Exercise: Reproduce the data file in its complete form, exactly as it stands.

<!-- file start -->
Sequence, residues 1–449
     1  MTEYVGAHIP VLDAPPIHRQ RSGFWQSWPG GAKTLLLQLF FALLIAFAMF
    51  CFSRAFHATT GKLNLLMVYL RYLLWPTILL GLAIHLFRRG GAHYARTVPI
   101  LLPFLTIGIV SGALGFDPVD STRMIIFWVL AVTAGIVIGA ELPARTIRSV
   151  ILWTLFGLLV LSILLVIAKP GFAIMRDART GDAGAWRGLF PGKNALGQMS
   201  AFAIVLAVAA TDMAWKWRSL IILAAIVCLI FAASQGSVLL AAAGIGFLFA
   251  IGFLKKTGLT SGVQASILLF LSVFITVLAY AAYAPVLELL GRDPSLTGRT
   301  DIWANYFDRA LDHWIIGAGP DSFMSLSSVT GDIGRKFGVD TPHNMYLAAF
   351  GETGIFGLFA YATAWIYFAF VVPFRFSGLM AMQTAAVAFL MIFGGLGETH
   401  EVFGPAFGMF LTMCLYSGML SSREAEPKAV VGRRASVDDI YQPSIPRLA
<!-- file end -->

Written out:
Sequence, residues 1–449
     1  MTEYVGAHIP VLDAPPIHRQ RSGFWQSWPG GAKTLLLQLF FALLIAFAMF
    51  CFSRAFHATT GKLNLLMVYL RYLLWPTILL GLAIHLFRRG GAHYARTVPI
   101  LLPFLTIGIV SGALGFDPVD STRMIIFWVL AVTAGIVIGA ELPARTIRSV
   151  ILWTLFGLLV LSILLVIAKP GFAIMRDART GDAGAWRGLF PGKNALGQMS
   201  AFAIVLAVAA TDMAWKWRSL IILAAIVCLI FAASQGSVLL AAAGIGFLFA
   251  IGFLKKTGLT SGVQASILLF LSVFITVLAY AAYAPVLELL GRDPSLTGRT
   301  DIWANYFDRA LDHWIIGAGP DSFMSLSSVT GDIGRKFGVD TPHNMYLAAF
   351  GETGIFGLFA YATAWIYFAF VVPFRFSGLM AMQTAAVAFL MIFGGLGETH
   401  EVFGPAFGMF LTMCLYSGML SSREAEPKAV VGRRASVDDI YQPSIPRLA